Facets of the Three Jewels: Tibetan Buddhist Art
from the Collections of George E. Hibbard and the Saint Louis Art Museum
July 4, 2014–February 22, 2015
Illustrations from the Jatakamala: King of the Monkeys, Teacher of Forbearance, and the Visitor from Brahmaloka, 18th century; Tibetan or Tibeto-Chinese; pigment and gold on cotton, silk, and wood; 34 1/4 x 21 7/8 inches; Saint Louis Art Museum, William K. Bixby Trust for Asian Art 197:1950
From intricate paintings and sparkling bronzes to specialized ritual objects, the visual culture of Buddhism expresses deep religious ideas across a spectrum of philosophical, ethical, and cosmological concerns. This exhibition elucidates the visual language of such art works, establishing them as conveyors of religious meaning as well as objects of exquisite craftsmanship.
Facets of the Three Jewels is organized around the three foundations of Buddhism: the historical Buddha Shakyamuni, his teachings, and the community of followers who practice and propagate those teachings through history. Without any of these three "jewels," Buddhism could not exist. Highlights of the exhibition include fabulous 18th-century thangkas (banner paintings) from a set of illustrations of the Buddha's previous lives. Another rare, 15th-century textile image embodies the pinnacle of Tibeto-Chinese craftsmanship. The exhibition contains objects representing styles of art from Nepal, Tibet, and China, including paintings of meditative rituals, bronze sculptures of deities, and textile images created through appliqué, weaving, and embroidery.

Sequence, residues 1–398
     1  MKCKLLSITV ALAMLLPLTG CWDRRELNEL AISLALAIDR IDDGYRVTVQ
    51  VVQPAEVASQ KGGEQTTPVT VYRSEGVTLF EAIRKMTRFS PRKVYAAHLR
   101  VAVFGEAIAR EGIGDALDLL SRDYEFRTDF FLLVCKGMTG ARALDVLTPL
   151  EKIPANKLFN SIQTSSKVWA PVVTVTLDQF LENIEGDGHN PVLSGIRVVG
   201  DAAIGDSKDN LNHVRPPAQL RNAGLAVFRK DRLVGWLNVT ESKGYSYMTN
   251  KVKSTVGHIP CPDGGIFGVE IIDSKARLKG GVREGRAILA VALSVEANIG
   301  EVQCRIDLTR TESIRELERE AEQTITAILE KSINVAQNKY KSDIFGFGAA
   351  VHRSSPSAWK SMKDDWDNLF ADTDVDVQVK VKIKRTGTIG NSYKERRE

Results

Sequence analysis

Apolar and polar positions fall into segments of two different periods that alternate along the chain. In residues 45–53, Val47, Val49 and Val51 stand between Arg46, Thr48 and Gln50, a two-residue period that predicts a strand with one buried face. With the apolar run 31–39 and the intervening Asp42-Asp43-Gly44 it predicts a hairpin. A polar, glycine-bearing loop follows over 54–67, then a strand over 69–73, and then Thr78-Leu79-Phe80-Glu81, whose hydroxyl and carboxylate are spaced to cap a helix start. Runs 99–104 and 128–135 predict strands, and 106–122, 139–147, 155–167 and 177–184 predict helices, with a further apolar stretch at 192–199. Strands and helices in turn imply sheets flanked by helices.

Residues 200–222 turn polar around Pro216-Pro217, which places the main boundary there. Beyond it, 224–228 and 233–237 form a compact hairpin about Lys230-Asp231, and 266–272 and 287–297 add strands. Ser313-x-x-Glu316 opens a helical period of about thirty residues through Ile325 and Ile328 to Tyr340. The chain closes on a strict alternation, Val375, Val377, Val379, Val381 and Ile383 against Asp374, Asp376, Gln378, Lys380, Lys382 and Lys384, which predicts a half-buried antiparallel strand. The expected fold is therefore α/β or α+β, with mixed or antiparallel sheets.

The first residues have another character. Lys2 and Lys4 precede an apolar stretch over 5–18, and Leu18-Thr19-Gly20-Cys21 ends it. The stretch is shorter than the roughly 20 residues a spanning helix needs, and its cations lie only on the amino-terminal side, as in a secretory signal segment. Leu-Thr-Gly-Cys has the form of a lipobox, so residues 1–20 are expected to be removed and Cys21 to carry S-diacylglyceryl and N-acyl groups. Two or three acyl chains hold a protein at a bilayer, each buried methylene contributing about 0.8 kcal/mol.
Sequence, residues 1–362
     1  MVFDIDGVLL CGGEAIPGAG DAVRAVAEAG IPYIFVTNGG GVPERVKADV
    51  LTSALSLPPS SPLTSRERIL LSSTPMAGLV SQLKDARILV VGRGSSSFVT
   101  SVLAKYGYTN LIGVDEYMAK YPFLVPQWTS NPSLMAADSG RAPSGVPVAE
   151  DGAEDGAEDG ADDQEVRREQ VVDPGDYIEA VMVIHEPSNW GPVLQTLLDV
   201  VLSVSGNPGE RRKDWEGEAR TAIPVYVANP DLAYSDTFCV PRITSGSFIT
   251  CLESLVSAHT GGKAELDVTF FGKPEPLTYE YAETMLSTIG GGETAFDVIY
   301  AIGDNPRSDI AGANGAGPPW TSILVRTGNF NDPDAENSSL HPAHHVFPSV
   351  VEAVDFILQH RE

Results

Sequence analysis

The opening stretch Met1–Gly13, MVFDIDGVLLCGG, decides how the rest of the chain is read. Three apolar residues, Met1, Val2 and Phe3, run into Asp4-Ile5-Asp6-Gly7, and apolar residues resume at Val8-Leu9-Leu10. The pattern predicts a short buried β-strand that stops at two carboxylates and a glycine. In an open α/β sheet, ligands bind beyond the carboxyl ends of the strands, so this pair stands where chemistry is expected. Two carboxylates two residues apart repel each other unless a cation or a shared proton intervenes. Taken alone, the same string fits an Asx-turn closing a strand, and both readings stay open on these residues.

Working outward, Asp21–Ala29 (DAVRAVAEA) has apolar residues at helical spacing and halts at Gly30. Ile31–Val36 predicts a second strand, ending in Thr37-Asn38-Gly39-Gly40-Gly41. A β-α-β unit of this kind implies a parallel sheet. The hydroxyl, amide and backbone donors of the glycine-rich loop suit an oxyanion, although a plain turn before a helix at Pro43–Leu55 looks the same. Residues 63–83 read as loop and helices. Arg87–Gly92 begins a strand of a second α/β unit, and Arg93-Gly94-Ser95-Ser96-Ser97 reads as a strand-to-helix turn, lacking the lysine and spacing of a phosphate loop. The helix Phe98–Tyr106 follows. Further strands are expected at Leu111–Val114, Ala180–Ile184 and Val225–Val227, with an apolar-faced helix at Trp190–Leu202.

Many of the objects come from the collection of St. Louis local George E. Hibbard, whose longstanding interest in Tibetan art involved contributions to scholarship in addition to the accumulation of important works.
Facets of the Three Jewels is curated by Eric Huntington, the Mellon Fellow in South Asian Art for 2013–2014.
Facets of the Three Jewels
is curated by Eric Huntington, the Mellon Fellow in South Asian Art for 2013–2014.